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An IFTTT recipe that might just save your life

You can use IFTTT for tons of fun automations, but this practical recipe will trigger your Philips Hue LEDs to turn red when the National Weather Service issues an alert in your area.

Now playing: Watch this: How to craft color-coded weather alerts using IFTTT

IFTTT has all sorts of useful applications, but many of the recipes I've seen focus on fun or efficiency rather than something more serious like personal safety. While I like that IFTTT can automatically send my tweets to other social media sites, this clever service can do a lot more.

For instance, you can use it to create weather-related recipes that focus on hurricanes, tornadoes, or other potentially dangerous acts of nature. IFTTT has a dedicated weather channel, but its catch-all channel for RSS feeds works even better if you want to get severe weather notifications. As it turns out, the National Weather Service offers county, state, and nation-wide severe weather alerts via RSS.

Setting up the IFTTT recipe. Screenshot by Megan Wollerton/CNET

Since there weren't any major weather events happening in Louisville, Ky., today, I did a quick search to find that there were several flash flood warnings in New York state. I found the RSS link for Niagara, N.Y., on the National Weather Service alert page, selected "feed" and "new feed item" in IFTTT and added the feed URL. Then, I programmed my Philips Hue LEDs to change to red when an alert is posted to the Niagara weather feed.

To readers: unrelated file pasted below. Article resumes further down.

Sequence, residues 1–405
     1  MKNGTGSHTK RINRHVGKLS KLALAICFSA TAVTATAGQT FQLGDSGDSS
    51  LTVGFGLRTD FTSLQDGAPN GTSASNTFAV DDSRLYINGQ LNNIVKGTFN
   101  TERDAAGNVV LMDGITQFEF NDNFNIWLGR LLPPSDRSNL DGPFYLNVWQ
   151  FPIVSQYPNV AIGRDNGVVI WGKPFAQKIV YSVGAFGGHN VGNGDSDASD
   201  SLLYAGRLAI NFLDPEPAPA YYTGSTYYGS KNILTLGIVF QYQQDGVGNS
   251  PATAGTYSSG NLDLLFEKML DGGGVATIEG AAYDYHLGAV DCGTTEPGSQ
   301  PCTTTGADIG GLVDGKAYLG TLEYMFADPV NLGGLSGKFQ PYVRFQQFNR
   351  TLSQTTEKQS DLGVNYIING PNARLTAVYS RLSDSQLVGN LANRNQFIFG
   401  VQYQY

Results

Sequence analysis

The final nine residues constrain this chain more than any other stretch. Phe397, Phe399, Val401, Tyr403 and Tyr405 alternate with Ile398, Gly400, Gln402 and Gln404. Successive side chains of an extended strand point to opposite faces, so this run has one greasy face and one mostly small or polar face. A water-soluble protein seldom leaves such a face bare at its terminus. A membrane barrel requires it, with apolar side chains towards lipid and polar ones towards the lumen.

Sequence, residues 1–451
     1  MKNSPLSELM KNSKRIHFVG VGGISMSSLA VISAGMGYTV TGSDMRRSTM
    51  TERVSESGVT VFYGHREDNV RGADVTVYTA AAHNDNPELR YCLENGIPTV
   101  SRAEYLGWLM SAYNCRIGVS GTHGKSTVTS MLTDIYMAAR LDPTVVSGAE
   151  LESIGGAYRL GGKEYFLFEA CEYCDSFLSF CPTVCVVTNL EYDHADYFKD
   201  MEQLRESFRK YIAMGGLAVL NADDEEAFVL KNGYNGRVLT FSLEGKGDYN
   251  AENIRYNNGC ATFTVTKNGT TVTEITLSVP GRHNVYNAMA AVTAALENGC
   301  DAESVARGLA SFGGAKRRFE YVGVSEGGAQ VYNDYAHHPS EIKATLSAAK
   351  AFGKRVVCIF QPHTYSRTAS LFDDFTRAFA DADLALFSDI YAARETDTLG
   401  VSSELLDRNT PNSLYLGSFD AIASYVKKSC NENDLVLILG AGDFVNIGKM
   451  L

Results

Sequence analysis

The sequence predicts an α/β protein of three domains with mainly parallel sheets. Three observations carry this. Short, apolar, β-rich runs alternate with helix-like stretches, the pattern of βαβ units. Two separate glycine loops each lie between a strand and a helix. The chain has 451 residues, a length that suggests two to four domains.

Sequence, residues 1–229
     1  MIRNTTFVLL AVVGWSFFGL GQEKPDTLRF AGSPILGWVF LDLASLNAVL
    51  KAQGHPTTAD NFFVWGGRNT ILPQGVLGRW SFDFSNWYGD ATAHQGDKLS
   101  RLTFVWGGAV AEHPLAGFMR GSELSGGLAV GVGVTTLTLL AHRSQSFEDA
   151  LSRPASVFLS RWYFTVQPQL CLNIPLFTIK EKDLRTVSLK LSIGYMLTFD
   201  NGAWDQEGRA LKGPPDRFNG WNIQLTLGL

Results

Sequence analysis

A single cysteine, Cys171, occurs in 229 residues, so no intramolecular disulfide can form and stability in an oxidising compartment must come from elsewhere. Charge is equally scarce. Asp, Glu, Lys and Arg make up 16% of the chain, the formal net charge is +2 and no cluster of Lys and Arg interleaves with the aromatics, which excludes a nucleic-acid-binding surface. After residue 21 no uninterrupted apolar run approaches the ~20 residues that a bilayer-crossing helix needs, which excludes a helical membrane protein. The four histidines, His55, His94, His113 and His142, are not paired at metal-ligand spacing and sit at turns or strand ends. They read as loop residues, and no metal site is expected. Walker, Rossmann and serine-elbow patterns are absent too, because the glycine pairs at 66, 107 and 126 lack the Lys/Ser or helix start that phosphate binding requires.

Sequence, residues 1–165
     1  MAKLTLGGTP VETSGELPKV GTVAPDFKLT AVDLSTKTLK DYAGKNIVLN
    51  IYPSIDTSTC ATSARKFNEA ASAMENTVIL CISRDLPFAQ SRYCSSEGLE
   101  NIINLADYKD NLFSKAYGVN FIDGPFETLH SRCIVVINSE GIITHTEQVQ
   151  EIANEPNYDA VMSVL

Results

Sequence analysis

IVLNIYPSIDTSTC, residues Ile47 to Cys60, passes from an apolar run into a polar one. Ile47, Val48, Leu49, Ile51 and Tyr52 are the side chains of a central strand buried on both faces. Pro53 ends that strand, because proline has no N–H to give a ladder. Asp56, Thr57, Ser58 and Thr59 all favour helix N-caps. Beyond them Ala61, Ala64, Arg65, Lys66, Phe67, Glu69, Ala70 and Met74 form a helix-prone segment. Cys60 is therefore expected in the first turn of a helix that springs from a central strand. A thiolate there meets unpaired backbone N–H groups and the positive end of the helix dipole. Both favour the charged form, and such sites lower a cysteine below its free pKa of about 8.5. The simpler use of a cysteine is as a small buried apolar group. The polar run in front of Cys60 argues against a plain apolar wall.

Nest's newly released developer program can connect the Nest Protect smoke and carbon monoxide detector to Lifx LEDs, working in much the same way as this IFTTT recipe. If the Protect senses smoke, it will cause the Lifx bulbs in your house to turn red and blink. While you can't program Philips Hue bulbs to change color and blink in IFTTT, you can select one or the other and use that as your severe weather alert. Both IFTTT and Nest's third-party partnerships offer applications that could help keep you safe in the event of an emergency.